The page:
As we discussed in the “Tools of the Trade: Choosing the Best Floss” post, there are a wide number of choices when it comes to dental floss. Daily flossing is an essential part of a great oral health care regime and is necessary to inhibit the formation of plaque, which leads to tooth decay and gum disease.
We will be examining the proper use of dental floss, manual flossers and electric flossers. There are two basic rules that apply to flossing, no matter which tool you choose to utilize.
Be gentle. Snapping, forcing or otherwise using excessive force when flossing can damage the delicate gum tissue. Always a back and forth motion when sliding floss between the teeth.
Be thorough. Floss in between each tooth, even those in the back. If you have difficulty reaching any area, use an angled flosser (electric or manual). The posterior teeth are especially vulnerable to decay and gum disease as they are the primary chewing teeth and also the most difficult to reach with a toothbrush.
Carefully floss around all dental restorations and appliances. Floss threaders allow the floss to be threaded under the main wire. Once the floss is in place, the individual can floss as usual. Flossing around crowns, bridge and implants ensures that the gum tissue in remains healthy.
Using Dental Floss
Obtain an 18-inch length of floss. Wind each of the ends of the floss around the two middle fingers, leaving a one- to two- inch section in between. Use your thumbs and a back and forth motion to direct the floss between two teeth.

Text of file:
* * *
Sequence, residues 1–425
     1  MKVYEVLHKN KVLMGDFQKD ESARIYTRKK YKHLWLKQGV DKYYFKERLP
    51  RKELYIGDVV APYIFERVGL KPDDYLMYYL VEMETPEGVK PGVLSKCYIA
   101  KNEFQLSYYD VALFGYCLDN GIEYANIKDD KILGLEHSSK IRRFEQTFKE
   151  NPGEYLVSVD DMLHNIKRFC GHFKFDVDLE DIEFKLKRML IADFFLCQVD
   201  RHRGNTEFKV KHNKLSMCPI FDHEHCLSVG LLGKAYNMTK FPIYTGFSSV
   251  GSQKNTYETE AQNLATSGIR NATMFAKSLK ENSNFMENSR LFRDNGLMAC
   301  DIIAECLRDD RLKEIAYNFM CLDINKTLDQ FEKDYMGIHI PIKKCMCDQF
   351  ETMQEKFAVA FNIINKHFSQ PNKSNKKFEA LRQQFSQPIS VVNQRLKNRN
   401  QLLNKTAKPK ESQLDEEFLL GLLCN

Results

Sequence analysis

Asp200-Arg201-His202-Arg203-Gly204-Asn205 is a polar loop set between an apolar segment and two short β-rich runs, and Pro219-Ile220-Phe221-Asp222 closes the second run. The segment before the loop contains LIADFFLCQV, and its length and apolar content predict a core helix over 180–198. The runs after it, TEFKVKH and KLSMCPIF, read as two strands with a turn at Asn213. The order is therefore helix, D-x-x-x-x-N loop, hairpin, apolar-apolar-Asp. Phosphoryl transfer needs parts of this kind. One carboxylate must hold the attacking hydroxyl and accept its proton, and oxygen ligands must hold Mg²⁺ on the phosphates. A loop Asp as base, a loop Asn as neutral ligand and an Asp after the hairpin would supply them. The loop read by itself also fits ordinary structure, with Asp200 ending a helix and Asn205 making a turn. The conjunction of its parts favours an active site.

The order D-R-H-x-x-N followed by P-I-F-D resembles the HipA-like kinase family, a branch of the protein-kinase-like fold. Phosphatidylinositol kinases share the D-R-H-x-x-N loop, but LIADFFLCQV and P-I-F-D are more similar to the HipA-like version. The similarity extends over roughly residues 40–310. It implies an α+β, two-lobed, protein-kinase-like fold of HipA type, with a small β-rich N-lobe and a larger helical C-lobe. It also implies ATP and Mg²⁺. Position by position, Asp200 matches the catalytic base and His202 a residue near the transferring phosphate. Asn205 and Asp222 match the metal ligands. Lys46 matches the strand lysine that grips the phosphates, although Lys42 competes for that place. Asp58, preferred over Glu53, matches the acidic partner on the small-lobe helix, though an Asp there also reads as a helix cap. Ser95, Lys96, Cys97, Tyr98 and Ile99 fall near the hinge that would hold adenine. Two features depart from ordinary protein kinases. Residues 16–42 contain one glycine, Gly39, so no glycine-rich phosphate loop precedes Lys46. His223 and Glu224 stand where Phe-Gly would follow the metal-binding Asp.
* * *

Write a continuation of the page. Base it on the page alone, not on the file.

Use index finger to wrap the floss around the surface of the first tooth and guide it in a back and forth motion up and down the tooth surface. Repeat the same step, wrapping the floss around the second tooth.
Use a back and forth motion to remove the floss from in between the two teeth, do not snap the floss. Move to a new section of floss and repeat the same steps on each tooth until all teeth have been flossed.
Using Electric and Manual Flossers
The same technique as described above should be used with both manual and electric flossers. It is easier to damage gum tissue when using one of these devices so it is especially important to ensure the utilization of good technique and a gentle hand.
Dental hygienists are trained to aid in the education of patients. If you have difficulty flossing your teeth or are unsure about how to floss around dental appliances or restorations, seek the counsel of your hygienist.